How did Redford do it in 2012? What "is so easy to miss in the province-wide and nation-wide polling -- but especially at the provincial level -- is the strength of incumbency," observed Harris-Decima pollster Allan Gregg the day after the Alberta election.

A year later, right after the B.C. election, he blamed a "confluence" of factors -- as the Canadian Press summarized his point, "unreliable methods used to contact survey respondents, inexperienced, fly-by-night pollsters and badly-framed questions."

Indeed, Gregg observed then, again as summarized by CP, "a lot of inexperienced pollsters have jumped into the field, particularly in provincial campaigns, offering their surveys to the media for free as a way to promote their fledgling companies."

Anyway, he said back in the wake of the last Alberta general election, "these people" (he meant the voters) "could be very, very mad at the government but still love ol' Jim."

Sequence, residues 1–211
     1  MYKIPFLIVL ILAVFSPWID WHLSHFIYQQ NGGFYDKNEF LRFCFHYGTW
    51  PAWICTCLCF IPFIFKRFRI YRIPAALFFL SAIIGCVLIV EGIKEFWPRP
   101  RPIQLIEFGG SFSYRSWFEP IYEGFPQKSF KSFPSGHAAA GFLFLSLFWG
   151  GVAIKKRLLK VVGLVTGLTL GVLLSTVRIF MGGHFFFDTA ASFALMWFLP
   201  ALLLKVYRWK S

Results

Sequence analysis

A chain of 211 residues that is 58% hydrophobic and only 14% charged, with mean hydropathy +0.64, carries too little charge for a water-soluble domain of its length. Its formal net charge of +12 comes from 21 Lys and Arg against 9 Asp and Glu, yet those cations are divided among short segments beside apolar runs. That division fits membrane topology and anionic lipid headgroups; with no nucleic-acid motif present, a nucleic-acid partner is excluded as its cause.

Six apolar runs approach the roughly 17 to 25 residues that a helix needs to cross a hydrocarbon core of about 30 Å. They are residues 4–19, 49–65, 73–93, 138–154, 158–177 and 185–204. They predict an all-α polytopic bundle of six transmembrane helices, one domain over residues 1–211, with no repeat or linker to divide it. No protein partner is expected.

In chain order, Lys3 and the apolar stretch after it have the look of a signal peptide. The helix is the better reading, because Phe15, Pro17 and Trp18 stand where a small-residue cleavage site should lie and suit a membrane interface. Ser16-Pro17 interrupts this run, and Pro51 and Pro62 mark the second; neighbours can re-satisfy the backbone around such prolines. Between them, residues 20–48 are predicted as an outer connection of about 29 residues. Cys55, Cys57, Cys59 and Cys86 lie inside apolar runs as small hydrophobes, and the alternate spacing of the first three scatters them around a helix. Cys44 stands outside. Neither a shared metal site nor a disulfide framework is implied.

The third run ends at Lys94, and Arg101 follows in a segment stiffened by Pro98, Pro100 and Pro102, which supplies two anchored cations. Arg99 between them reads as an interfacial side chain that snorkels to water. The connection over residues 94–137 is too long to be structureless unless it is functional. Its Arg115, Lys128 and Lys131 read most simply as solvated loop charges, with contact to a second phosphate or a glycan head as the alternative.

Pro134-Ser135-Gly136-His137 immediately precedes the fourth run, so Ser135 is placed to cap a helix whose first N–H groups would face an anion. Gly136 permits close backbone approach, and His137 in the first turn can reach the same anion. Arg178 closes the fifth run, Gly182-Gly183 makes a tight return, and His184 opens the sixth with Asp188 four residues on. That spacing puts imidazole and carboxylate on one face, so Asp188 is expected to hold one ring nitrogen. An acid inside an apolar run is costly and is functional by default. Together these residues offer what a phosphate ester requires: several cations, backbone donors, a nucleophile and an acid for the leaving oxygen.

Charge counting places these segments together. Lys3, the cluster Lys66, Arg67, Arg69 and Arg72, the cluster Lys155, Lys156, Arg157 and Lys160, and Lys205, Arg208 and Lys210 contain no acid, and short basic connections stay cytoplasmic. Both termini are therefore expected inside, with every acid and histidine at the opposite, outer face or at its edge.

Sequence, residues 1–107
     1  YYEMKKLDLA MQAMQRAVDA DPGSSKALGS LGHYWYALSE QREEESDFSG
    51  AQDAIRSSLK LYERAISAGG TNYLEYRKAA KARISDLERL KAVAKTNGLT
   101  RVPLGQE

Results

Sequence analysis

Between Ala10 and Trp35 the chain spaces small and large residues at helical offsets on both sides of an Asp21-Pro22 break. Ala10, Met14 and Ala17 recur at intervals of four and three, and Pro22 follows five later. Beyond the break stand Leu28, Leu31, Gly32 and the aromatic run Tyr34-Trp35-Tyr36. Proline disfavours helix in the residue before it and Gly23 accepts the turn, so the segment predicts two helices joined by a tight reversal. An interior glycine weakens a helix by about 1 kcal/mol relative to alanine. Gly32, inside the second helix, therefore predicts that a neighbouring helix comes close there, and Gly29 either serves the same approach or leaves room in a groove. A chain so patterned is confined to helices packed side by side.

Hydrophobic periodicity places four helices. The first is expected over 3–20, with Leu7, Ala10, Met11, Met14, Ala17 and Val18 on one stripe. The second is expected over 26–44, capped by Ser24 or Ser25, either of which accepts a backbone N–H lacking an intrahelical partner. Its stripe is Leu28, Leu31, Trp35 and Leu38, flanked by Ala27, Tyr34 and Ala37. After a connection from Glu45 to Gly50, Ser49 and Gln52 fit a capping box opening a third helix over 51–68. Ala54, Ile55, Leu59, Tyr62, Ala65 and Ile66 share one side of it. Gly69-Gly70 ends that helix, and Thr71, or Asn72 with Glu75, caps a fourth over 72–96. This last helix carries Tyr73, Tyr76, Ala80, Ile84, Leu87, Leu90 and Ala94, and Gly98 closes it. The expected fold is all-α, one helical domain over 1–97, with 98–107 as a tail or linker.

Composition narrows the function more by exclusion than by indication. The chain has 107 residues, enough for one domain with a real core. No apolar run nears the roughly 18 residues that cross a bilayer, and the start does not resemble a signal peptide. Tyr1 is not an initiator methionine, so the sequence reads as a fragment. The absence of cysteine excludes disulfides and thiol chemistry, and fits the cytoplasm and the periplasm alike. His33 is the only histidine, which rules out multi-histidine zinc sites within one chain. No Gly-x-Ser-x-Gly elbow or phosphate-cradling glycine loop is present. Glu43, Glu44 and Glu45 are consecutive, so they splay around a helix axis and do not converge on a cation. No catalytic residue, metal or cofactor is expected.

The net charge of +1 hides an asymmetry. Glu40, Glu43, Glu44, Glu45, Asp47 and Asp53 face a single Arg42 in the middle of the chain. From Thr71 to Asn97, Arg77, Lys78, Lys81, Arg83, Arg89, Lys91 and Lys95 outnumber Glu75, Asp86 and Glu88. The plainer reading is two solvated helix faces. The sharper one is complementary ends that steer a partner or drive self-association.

That was a somewhat mysterious comment, presumably a generic observation about local Tory candidates as there was no major figure in the race named Jim.

Well, there is now.

Meanwhile, in other polling news, a different survey by Insights West taken in roughly the same time period concluded that more than a quarter of Albertans believe climate change is a hoax and nearly half of them believe in UFOs.

Nearly 40 per cent of them believe Princess Diana was assassinated. Surprisingly, though, only 10 per cent thought the moon landings were a hoax. Still, if we had proportional representation, that would be enough to elect MLAs to the Legislature.

Astonishingly, just 1 per cent believed Elvis is alive.

This post also appears on David Climenhaga's blog, AlbertaPolitics.ca.